WALTER PISTON (1894-1976)
Symphony No. 6 (1955) 25.34
Concertino for Piano and Chamber Orchestra (1937) 12.34
Concerto for Orchestra (1933) 12.48
Concerto for String Quartet, Wind Instruments and Percussion
Moscow Radio SO/Alexander
Gauk (rec 1962)
Marjorie Mitchell (piano) Göteborg SO/William Strickland (rec 1963)
Polish National Radio Orchestra/William Strickland (rec 1969)
Emerson Quartet/Juilliard Orchestra/Sixten Ehrling (rec May 1978)
all stereo recordings ADD
CITADEL CTD 88134
You never hear that much about Citadel. I am not at all sure why that should
be. Their catalogue is at ease in spanning both classical and film worlds.
Much of their classical side comprises reissues of rare repertoire. The label
hosts a high proportion of 'gold standard' Americana as this and other discs
All but the symphony derive from CRI LPs licensed for the first time onto
CD. The symphony is taken from Melodiya LP 33C0255-56.
The range covered on the CD is wide. It takes in two works from the 1930s,
adds the 1950s symphony (surely the disc's raison d'etre) and concludes with
a work from his very last year. The Symphony is in four movements of which
the second and fourth are very short. In the early 1960s the Soviets seem
to have taken to recording foreign orchestral works. They recorded the Alan
Bush and Rawsthorne Second Symphonies and are also reputed to have done Roy
Harris's Fifth Symphony. The Piston Symphony was written for the
75th anniversary of the Boston SO as also was the Martinu Fifth
Symphony (the two were coupled together on an LP and toured together during
The Sixth does not have the direct access to lyricism which you find in the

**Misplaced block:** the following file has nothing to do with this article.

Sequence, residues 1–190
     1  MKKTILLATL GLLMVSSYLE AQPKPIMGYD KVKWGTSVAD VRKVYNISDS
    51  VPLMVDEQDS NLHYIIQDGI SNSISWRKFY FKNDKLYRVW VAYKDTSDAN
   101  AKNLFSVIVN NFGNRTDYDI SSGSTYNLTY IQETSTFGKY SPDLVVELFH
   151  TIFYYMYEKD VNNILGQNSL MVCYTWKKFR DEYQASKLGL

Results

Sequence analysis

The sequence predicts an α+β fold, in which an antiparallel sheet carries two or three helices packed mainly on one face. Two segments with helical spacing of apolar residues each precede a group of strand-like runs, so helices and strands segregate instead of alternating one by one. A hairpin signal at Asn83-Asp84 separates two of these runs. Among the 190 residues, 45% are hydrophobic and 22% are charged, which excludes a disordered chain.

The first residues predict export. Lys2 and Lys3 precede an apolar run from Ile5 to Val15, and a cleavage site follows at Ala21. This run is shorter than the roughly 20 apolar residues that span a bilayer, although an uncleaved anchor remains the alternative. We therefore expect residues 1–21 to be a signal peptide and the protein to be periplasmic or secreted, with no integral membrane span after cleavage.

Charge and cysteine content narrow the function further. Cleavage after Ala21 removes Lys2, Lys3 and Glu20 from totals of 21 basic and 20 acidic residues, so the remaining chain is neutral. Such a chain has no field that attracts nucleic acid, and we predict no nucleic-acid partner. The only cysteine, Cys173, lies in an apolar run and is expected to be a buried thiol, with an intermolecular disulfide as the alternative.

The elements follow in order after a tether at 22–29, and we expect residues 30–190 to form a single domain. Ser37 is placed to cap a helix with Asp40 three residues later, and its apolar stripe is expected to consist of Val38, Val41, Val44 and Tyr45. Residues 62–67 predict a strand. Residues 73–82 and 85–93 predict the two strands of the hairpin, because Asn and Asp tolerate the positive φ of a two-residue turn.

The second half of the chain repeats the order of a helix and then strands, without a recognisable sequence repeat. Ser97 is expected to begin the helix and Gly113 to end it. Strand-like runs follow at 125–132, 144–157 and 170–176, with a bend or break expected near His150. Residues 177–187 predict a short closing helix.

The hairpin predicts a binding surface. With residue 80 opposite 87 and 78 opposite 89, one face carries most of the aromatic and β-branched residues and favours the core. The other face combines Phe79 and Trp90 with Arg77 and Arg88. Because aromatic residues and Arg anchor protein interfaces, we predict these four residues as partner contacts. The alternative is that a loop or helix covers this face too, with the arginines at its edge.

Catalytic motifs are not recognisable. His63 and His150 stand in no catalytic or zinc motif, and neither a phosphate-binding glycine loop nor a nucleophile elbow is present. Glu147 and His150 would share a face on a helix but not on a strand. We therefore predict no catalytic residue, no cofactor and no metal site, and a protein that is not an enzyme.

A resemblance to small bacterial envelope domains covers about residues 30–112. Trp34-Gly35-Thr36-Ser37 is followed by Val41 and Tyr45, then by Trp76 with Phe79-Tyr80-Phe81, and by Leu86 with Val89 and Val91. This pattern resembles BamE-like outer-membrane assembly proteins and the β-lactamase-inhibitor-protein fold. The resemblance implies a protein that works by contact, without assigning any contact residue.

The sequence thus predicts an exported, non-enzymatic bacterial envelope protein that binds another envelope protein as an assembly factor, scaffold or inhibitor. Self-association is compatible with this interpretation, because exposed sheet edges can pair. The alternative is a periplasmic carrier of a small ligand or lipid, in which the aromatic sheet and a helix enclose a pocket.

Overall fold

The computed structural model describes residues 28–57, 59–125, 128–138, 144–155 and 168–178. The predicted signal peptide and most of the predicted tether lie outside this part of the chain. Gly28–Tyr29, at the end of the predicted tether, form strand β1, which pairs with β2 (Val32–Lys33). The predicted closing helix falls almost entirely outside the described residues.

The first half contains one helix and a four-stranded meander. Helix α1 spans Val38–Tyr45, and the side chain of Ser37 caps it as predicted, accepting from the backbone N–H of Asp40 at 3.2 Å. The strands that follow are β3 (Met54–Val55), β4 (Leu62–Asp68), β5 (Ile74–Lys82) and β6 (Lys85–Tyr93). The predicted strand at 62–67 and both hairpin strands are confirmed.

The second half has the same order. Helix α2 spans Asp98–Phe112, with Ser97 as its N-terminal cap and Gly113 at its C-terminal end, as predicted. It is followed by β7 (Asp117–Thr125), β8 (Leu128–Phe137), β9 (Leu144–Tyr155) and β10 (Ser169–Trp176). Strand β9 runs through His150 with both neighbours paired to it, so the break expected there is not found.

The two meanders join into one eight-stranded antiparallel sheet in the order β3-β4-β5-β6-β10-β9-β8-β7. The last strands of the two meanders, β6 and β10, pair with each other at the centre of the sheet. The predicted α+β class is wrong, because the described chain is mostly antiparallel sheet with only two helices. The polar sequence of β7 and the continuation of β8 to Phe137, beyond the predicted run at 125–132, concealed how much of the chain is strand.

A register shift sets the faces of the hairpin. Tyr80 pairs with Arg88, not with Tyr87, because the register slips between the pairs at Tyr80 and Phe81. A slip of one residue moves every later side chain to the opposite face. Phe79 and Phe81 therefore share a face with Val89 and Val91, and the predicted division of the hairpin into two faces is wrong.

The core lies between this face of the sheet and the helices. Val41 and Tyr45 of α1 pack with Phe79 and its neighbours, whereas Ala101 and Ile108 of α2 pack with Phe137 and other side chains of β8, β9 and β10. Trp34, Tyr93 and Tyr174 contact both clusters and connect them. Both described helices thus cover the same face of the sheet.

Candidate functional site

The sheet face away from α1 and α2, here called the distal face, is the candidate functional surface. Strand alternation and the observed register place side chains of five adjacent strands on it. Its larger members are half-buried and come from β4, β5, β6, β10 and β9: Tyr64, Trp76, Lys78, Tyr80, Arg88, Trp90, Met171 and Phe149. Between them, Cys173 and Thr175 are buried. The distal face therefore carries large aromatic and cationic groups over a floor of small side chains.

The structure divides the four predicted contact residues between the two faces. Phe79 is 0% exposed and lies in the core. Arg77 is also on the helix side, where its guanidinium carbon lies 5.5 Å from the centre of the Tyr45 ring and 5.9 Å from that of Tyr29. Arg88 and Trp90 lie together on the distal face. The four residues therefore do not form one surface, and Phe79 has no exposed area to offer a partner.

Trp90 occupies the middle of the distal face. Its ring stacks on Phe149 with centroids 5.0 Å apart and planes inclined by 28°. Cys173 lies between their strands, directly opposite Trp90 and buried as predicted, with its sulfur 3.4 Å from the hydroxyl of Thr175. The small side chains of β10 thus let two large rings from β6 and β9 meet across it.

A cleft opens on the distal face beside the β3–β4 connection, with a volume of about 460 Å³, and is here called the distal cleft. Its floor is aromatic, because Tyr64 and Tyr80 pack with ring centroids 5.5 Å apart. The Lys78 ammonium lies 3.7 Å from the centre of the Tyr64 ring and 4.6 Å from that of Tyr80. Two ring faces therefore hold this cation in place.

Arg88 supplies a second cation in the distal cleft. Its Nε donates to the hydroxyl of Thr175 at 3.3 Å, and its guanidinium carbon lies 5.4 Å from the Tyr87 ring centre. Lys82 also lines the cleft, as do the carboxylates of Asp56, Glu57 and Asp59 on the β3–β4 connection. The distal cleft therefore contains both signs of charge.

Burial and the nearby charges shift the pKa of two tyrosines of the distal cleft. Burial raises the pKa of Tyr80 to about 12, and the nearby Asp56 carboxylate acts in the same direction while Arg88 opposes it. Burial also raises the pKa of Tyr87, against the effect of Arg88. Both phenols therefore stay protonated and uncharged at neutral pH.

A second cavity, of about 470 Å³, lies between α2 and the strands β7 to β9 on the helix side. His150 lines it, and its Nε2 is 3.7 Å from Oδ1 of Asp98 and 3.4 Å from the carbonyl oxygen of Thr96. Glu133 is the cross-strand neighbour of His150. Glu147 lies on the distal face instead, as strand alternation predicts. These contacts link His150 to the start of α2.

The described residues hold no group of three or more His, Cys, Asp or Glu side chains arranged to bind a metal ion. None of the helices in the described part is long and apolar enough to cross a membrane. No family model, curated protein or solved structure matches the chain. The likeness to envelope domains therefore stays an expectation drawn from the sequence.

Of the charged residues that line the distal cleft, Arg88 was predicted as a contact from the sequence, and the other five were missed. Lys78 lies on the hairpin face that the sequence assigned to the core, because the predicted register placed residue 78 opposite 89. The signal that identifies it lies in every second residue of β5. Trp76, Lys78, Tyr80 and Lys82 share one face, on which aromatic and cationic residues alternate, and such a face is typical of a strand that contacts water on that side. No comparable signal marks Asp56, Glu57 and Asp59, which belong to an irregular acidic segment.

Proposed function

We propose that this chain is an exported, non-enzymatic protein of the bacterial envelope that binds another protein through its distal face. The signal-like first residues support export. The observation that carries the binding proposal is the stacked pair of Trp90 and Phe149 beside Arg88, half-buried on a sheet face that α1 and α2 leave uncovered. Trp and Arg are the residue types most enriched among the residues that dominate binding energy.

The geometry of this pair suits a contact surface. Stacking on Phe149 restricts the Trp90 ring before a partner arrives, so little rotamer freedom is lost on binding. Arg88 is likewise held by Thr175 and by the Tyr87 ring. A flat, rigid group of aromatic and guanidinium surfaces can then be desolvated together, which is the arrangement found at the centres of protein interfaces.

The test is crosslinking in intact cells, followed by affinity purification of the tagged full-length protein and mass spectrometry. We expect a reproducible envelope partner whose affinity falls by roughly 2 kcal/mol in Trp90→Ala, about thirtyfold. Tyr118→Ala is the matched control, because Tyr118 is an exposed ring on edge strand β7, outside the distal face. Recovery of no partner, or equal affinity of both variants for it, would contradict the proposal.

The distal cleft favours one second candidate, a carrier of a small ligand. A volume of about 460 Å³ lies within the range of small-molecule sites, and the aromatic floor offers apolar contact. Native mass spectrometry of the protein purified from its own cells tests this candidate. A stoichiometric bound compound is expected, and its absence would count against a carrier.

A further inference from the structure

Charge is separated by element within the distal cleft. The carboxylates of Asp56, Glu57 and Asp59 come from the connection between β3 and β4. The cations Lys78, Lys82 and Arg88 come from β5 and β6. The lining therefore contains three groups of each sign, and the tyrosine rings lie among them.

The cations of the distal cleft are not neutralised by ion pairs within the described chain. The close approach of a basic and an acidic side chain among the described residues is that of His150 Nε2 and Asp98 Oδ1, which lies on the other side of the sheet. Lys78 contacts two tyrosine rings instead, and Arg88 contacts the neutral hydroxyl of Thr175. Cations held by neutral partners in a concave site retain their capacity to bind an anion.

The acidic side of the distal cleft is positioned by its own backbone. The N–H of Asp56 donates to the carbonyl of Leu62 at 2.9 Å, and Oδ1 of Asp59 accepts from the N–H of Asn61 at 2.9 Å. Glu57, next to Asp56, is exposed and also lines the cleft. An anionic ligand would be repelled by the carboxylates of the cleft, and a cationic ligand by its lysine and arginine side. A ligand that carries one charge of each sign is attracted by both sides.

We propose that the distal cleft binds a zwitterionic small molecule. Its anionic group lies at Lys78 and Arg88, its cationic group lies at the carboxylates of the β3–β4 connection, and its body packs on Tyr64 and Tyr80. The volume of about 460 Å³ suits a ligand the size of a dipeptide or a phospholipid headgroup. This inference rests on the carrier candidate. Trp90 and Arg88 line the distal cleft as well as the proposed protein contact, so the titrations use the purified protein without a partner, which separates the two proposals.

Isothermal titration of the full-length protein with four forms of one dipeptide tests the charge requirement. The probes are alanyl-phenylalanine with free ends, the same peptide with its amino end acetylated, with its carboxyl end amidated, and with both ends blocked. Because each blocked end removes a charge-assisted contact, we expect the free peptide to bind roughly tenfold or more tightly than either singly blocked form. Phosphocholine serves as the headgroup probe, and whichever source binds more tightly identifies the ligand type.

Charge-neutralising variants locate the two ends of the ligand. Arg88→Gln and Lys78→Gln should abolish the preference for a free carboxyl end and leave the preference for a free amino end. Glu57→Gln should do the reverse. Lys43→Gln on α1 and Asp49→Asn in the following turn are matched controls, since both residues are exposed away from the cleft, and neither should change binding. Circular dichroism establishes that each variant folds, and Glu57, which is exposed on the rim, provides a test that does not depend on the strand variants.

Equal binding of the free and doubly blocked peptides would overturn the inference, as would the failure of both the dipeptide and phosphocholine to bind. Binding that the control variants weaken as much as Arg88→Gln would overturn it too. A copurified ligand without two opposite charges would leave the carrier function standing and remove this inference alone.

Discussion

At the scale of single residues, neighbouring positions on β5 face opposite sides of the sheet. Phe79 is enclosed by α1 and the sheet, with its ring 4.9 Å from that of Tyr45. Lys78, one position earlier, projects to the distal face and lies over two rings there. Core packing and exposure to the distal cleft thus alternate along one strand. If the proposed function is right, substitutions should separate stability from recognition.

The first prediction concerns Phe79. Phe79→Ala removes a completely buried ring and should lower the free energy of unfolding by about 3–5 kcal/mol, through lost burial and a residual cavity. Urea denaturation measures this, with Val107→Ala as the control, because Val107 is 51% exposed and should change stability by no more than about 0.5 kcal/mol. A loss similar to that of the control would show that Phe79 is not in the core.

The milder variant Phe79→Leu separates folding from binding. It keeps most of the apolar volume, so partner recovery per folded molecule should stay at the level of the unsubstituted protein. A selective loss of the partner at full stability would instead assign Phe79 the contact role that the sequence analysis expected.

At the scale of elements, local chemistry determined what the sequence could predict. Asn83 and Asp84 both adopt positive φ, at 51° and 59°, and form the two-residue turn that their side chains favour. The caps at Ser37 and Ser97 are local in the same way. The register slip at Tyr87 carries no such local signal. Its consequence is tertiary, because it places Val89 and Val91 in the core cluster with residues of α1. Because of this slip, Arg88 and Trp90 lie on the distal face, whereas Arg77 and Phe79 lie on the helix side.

Second or Fourth Symphonies. The work dazzles with refinement (harp and strings
in first movement) and with virtuosic scampering figures (I thought of Walton's
Britten Variations). The masterly adagio sereno opens with a prominent
sombre cello lament leading to the searing starlight of the strings and then
rising to a brassy statement of contorted and impassioned grandeur. The
concluding allegro energico is a hailstorm of brightness - recalling
some of the propulsive energy of the second symphony's finale.
The Piano Concertino is neo-classical with the piano constantly in Stravinskian
spate apart from in the middle section where a cello solo looks forward to
the same instrument's work in the adagio of the sixth symphony. The Concerto
for Orchestra sounds very much like a concerto grosso unwittingly summoning
up echoes of the Bach Double Violin Concerto and the De Falla Harpsichord
Concerto. In the central movement the orchestra crows, slides and slews over
the scenery after a commanding Hary Janos type 'sneeze'. The finale
is memorable for a colloquy for the deep resinous brass and a gaunt drizzle
of a fugue. The single movement quartet concerto is clean and clear, busy
and brusque, dissonantly chattering - letting up only for a solo violin serenade
in the central section.
The Symphony has been recorded before: by the dedicatees (Munch and the Boston
Symphony) and in 1989 by Gerard Schwarz and the Seattle Symphony. There is
also a Slatkin disc on RCA. The Munch was on RCA; the Schwarz on Delos.
The notes are variously by the composer and drawn from CRI originals.
Recording quality is good allowing for the passage of the years. I have not
heard the Slatkin but so far as the others are concerned this interpretation
is thoughtful, enthusiastic and seemingly deeply felt. Strongly recommended.
Citadel and Tom Null have done an invaluable job in collecting together this
If you have any difficulty in obtaining the disc you can order it direct
from Citadel's website:-